Many ethnic minorities in Lagos, such as the Hausa and Kanuri people from northern Nigeria and Ibos from the east, fear that despite Lagos's calm a new wave of unrest could explode if military president Ibrahim Babangida reneges on his promise to relinquish office to an elected civilian successor next month. Up to 100 people died last month in violent pro-democracy rallies.
'If the President refuses to hand over on August 27 there will be a civil war in Nigeria,' said Udoka Okoli, 29, a spare parts dealer from the Niger river city of Onitsha, scene of one of the key battles of the 1967-70 civil war. 'Onitsha is my place. If there is a war I feel OK there, not here in Lagos.' Mr Okoli sent his wife and six children back to Onitsha five days ago. He was waiting to board a bus yesterday.
General Babangida, backed by a handful of military and security officers, cancelled the 12 June presidential elections because of alleged fraud in the primaries and chaos in the judicial system. International and Nigerian observers described the polls as the freest in the country's 33-year post-independence history.
But Gen Babangida has refused to recognise the victory of Moshood Abiola, who would have been the first candidate from the south-west, home of the Yoruba people, to be elected to govern Nigeria, a country of 250 ethnic groups and 90 million people.
Instead he has called a new election for 14 August, which Chief Abiola's Social Democrats, one of the two army-backed political parties, has threatened to boycott. 'We do not want fresh elections,' said Mr Okoli, an Ibo. 'The last election was clear to everyone.' Wole Soyinka, the Nobel Prize winning author, has called for peaceful pro-democracy protests on the day of the vote.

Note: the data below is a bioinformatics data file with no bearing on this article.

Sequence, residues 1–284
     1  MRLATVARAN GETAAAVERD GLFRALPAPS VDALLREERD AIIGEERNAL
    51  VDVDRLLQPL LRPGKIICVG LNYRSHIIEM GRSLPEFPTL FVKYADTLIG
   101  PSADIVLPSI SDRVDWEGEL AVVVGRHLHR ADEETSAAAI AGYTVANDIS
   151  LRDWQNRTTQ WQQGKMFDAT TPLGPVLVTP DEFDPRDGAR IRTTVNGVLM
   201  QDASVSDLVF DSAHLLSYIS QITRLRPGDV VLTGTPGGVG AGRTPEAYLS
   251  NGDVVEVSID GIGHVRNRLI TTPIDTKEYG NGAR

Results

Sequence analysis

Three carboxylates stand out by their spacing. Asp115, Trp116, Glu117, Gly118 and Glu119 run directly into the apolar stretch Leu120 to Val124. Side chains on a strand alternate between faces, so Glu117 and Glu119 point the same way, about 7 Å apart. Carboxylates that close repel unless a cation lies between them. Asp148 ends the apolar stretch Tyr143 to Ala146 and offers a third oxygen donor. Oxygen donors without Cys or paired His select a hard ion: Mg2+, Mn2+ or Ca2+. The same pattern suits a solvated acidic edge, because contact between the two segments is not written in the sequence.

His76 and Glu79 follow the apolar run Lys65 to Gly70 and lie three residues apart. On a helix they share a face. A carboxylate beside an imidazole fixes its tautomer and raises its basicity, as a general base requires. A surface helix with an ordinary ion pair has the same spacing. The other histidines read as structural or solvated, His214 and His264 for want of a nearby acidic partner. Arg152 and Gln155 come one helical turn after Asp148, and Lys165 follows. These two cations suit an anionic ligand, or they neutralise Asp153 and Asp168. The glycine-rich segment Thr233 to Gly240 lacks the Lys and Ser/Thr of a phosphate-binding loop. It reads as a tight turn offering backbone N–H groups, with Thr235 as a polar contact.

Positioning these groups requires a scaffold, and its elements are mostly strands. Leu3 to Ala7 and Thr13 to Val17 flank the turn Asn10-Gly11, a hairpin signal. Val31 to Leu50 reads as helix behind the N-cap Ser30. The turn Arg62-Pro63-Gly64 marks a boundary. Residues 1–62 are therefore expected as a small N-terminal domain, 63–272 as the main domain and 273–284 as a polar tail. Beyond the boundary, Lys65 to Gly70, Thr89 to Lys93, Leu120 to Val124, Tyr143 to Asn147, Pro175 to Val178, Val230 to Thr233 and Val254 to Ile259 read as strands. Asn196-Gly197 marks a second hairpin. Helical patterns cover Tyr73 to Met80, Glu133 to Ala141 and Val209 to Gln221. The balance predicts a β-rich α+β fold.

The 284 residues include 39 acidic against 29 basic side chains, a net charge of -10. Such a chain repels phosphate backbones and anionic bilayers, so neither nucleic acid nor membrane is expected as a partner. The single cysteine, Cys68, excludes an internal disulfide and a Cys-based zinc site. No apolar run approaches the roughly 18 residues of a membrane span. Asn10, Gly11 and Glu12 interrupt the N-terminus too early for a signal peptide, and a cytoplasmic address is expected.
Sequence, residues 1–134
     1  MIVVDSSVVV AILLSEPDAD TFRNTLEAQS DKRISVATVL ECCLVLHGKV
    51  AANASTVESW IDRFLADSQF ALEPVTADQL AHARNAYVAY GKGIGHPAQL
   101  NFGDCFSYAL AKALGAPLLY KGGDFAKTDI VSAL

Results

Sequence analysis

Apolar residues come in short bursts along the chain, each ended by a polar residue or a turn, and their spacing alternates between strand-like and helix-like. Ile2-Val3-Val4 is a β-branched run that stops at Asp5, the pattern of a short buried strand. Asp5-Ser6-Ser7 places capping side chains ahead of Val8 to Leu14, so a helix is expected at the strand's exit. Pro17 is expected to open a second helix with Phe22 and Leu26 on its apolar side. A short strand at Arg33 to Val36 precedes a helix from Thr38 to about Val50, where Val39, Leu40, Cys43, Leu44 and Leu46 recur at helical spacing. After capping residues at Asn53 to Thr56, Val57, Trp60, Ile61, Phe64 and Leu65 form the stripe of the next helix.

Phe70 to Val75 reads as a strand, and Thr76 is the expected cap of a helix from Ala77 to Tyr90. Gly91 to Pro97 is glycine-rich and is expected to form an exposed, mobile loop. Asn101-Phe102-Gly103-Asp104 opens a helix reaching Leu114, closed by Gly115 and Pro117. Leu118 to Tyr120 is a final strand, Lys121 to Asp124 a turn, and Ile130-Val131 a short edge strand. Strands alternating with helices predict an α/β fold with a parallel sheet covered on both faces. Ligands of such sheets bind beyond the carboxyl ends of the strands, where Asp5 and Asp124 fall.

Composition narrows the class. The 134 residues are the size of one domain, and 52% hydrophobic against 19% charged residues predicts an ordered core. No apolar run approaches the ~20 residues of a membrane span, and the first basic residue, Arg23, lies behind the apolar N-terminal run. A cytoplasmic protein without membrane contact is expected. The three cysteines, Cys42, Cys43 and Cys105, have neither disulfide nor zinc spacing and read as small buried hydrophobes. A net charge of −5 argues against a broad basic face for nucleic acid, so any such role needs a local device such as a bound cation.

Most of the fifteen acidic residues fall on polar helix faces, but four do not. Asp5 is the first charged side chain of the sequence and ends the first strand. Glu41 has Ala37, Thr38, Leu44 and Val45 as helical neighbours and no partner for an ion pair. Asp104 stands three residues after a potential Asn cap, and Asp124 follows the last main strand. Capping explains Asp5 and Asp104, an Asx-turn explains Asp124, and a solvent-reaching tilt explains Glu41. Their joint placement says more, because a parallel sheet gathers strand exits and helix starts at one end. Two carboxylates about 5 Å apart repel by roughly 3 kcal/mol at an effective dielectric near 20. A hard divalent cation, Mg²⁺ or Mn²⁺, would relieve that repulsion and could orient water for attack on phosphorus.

Both Mr Okoli and Abdullahi Gashua, a 44-year-old bus driver from the north-eastern state of Yobe, voted for Chief Abiola in the June election. But they fear that future ones could degenerate into violence and looting, traditionally carried out by unemployed thugs known as 'area boys'. And when there is trouble in mainly Yoruba Lagos, they say, ethnic minorities suffer most. 'During the riots, the Yorubas attacked Ibo, Hausa and Kanuri shops,' he said. 'If they would have attacked Yoruba shops too, it would have been all right, but they only attacked us.' Mr Gashua, a Kanuri, sent his family away from Lagos last week and was to follow them last night.
Chief Michael Otedola, the governor of Lagos, has sought to calm ethnic minorities by assuring traditional leaders of their peoples' safety. Many people were afraid, he admitted. 'The impression that trouble is looming ahead and therefore people should send their families away from Lagos is not a good omen.' Chief Abiola, too, pledged to follow the road of peace. 'We will pursue the solution to this political impasse in such a way that lives and properties will be safe,' he said at the weekend.
People like Mr Gashua fear the worst. 'We do not feel wanted here,' he said.